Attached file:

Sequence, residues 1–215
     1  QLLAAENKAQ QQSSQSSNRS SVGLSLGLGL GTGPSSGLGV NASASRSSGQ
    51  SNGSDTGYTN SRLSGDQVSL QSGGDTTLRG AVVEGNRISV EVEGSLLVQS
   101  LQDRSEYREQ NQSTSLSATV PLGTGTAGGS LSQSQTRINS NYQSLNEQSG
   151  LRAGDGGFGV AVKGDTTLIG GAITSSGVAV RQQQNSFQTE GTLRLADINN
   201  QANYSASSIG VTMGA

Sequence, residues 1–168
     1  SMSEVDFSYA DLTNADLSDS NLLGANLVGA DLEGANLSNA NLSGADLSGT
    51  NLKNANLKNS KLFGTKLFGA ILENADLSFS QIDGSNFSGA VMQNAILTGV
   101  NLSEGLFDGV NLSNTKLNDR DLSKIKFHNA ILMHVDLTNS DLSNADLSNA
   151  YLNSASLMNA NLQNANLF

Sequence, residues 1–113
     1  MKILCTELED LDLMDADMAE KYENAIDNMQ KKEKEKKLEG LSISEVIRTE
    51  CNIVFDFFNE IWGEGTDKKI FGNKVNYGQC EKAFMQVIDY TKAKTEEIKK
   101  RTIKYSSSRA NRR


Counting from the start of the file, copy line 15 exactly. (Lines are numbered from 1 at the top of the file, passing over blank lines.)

   101  RTIKYSSSRA NRR